Sunday, April 29, 2007
Friday, April 27, 2007
On the other hand, leaders of volunteer organizations recognize that volunteers can walk out any time they feel like it. Because of this, volunteer leaders learn how to motivate their teams without the advantage of fear. Success in this arena depends on a leader's ability to understand what will motivate each team member and address those needs.
I gained many of my leadership instincts in college as the editor of our student-run yearbook. I encourage you to take a turn leading volunteers. At the very least, you contribute some of your skills to your community. You may also learn something.
Corporate leaders too easily rely on their power to drive their teams to follow them. Power certainly works, but using only power doesn't give you the hearts of your team members. If you want the hearts of your employees, you need to understand and work with what motivates them to support your vision. Getting your employee's full support is worth putting away the easier, fear-based leadership approach.
Wednesday, April 18, 2007
Monday, April 09, 2007
- Start small - if the best you can do is speak up more at meetings, then do so. The more you practice the more comfortable you will feel. If you can speak comfortably to a group of four people, practice that.
- Work up to larger groups - challenge yourself to speak to groups a little larger than you feel comfortable with. Over time, you will acclimate to larger and larger audiences.
- Know your material - the root of many people's discomfort is a fear of looking foolish. the better your know your material, the more comfortable you will feel presenting it.
- Have a plan - more than knowing your material, you need to have a plan for what you want to achieve with your presentation. Focus your presentation on just those things that you need to present to achieve your plan.
- Learn from others - don't just listen to when other people present. Look for what you like and don't like in how they present. This gives you many more opportunities to improve your skills.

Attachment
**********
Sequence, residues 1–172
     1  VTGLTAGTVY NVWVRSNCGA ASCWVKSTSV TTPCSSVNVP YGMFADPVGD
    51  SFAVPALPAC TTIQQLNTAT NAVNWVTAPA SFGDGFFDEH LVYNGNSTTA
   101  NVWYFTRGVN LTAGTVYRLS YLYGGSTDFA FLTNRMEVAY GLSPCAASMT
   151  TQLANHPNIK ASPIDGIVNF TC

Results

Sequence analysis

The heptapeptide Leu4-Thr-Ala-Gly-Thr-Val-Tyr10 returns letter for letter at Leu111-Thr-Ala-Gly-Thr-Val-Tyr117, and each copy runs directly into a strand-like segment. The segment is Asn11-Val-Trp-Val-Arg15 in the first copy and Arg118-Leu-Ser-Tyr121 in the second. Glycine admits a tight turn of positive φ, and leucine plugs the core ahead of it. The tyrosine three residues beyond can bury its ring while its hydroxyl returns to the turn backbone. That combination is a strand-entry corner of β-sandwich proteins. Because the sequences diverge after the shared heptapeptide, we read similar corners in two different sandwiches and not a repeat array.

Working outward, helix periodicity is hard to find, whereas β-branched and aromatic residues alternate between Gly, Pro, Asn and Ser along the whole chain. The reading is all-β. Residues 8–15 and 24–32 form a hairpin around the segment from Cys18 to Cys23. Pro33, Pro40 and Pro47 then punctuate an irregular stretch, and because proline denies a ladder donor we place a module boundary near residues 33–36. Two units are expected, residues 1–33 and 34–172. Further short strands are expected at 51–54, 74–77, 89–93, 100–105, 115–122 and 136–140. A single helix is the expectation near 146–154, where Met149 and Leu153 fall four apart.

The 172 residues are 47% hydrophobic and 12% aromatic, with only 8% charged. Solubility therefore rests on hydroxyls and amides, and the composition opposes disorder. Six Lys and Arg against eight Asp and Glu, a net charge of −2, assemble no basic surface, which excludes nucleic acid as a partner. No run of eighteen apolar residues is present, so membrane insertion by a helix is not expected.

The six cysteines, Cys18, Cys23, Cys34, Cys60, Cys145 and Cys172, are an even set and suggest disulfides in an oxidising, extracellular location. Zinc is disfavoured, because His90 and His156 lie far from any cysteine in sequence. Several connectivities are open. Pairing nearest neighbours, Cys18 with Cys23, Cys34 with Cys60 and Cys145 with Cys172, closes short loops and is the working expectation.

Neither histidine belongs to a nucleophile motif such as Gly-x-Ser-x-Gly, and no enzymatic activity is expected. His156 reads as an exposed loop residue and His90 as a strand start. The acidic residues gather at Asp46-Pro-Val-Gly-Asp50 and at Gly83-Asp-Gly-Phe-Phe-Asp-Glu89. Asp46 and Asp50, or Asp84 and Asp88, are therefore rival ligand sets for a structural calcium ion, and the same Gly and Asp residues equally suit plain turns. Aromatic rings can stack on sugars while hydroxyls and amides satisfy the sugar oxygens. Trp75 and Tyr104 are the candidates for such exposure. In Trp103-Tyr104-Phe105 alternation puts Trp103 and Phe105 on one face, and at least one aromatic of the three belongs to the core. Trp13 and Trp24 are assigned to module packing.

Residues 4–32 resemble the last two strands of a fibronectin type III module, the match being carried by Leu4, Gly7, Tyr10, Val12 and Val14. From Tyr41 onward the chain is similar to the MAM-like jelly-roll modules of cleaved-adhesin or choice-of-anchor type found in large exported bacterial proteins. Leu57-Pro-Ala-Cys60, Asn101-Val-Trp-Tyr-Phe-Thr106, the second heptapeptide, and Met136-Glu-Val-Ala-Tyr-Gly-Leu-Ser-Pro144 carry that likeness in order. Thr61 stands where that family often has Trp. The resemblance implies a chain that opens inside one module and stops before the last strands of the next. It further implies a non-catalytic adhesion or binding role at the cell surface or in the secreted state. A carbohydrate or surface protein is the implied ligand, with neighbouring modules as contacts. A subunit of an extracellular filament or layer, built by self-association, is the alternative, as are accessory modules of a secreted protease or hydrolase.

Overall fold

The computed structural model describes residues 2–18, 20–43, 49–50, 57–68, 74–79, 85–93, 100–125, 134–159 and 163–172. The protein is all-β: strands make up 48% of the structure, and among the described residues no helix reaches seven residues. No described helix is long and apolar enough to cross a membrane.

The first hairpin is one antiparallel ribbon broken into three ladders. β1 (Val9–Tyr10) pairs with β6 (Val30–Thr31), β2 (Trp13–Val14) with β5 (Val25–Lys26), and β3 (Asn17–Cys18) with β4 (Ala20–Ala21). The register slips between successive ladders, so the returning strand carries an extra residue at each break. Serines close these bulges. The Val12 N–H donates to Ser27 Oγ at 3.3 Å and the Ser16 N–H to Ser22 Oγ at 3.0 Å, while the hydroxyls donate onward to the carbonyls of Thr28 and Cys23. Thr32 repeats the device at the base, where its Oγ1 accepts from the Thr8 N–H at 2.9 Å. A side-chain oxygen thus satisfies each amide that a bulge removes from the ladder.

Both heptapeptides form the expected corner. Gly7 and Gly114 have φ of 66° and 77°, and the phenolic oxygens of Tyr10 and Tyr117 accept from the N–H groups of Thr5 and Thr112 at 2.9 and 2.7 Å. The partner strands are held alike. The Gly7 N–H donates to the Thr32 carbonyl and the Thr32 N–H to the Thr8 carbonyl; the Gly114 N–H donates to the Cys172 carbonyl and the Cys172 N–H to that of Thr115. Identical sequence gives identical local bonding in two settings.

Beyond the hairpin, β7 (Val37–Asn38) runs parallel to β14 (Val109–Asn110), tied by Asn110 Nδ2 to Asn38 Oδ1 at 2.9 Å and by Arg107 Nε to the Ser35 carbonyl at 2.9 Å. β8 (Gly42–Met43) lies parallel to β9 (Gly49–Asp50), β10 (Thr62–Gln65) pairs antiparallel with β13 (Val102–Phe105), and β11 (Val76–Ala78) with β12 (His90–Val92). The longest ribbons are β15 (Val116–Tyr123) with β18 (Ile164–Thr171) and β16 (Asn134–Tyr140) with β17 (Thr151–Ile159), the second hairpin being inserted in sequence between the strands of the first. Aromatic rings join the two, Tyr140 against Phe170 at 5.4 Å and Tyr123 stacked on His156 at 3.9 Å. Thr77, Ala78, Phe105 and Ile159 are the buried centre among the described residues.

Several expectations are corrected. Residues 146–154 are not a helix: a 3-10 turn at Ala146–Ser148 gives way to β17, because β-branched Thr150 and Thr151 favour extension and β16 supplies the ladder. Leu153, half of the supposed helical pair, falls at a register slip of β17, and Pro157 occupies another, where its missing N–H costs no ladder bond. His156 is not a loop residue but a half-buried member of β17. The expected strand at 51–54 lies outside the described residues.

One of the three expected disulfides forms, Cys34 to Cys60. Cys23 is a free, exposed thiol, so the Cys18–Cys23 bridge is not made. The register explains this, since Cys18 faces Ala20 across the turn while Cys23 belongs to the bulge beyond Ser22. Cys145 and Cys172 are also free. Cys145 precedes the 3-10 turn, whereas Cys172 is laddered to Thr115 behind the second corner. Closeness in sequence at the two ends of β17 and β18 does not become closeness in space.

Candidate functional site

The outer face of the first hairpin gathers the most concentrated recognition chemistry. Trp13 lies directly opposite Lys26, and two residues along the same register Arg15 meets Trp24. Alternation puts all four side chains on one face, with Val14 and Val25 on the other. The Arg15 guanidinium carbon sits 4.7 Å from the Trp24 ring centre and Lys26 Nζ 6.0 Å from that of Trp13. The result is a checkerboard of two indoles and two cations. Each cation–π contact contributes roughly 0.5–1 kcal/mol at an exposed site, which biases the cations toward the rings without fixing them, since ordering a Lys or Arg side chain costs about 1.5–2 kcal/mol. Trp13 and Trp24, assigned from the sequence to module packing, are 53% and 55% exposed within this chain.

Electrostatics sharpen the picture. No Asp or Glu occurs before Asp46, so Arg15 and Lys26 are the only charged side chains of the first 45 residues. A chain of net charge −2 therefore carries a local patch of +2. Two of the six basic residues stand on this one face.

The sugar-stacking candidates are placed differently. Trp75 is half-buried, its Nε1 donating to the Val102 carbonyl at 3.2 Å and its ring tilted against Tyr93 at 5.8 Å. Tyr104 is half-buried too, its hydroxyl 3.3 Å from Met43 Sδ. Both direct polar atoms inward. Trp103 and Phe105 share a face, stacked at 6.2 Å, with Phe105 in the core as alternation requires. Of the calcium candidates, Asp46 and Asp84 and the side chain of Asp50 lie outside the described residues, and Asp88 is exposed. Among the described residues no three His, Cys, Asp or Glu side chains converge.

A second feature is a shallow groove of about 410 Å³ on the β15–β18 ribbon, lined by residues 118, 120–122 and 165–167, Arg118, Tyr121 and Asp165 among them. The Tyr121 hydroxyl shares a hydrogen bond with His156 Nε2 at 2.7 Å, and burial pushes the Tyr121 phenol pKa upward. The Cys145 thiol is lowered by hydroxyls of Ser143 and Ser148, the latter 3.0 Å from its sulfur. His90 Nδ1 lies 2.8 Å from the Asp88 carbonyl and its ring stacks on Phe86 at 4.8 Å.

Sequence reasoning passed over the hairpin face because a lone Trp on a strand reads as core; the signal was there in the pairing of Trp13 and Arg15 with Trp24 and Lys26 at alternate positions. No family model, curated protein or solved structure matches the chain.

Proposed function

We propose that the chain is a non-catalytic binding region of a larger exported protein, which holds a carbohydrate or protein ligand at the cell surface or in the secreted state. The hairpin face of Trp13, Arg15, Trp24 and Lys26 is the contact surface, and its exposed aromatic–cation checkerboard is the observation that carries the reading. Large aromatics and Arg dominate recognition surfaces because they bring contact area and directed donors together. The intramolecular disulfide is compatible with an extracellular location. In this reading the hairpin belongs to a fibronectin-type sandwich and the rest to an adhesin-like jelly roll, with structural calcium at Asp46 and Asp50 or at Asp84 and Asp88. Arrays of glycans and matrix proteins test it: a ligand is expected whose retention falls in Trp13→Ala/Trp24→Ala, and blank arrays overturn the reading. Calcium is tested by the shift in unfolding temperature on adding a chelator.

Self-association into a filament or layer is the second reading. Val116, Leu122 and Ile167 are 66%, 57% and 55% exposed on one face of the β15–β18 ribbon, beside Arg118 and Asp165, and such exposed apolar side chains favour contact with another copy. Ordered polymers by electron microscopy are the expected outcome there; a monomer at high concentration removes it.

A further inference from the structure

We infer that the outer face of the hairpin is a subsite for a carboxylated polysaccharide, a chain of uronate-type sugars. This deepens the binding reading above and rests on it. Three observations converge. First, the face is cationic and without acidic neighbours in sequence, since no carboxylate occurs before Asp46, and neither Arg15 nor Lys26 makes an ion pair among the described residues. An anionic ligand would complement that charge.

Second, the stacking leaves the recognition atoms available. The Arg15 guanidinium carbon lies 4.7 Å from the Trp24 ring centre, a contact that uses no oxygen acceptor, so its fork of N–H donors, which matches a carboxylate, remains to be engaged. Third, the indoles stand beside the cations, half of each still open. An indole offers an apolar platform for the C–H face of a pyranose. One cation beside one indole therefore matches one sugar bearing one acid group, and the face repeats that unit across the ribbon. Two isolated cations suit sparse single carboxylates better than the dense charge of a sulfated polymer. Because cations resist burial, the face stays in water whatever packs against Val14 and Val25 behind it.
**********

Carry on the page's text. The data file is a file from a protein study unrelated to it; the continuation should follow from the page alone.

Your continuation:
- Practice, practice, practice - face your fears by seeking out opportunities to speak in public. Call meetings where you might otherwise send an email. Stand up at a whiteboard where you might otherwise run a meeting from a chair. Volunteer to facilitate meetings for peers. The more you practice, the more comfortable you will feel.
Communication is one of our key leadership tools and we can't afford to limit our approaches by avoiding public speaking. You need to learn to get through your fears and develop your skills for standing in the front.
Tuesday, April 03, 2007
- It's worth getting the Chilton guide for your car.
- Make sure you have a way to get parts before you disable the car.
- You are going to bang your knuckles loosening a bolt.
- You are going to bang the same knuckle a second time.
- Keep your head to the side and carefully remove the oil plug.
- Don't over-torque bolts.
- Keep a tray for all the small parts as you take something apart.
As usual, you should use your own imagination to fill out the analogies.
Monday, April 02, 2007
Here is the second post in my "analogies" series. What can we learn about leadership from woodworking?
- Measure twice, cut once.
- Sand with the grain of the wood.
- Take time to sharpen your saw.
- Jigs are a big help when making multiples of the same thing.
- Watch your fingers and wear you safety glasses.
- The better joints are harder to make.
Again, I will let you attach meaning to these analogies.
Rather than leave you with nothing, there was one interesting new lesson this week. Oddly, it came from the reward. Kinetic's reward for winning the task was a night with a member of their family. No other reward garnered more excitement and emotion from the candidates. This is a good point to remember as we consider the motivations of our work teams.
Lesson: Most people are motivated by time with the people they care about.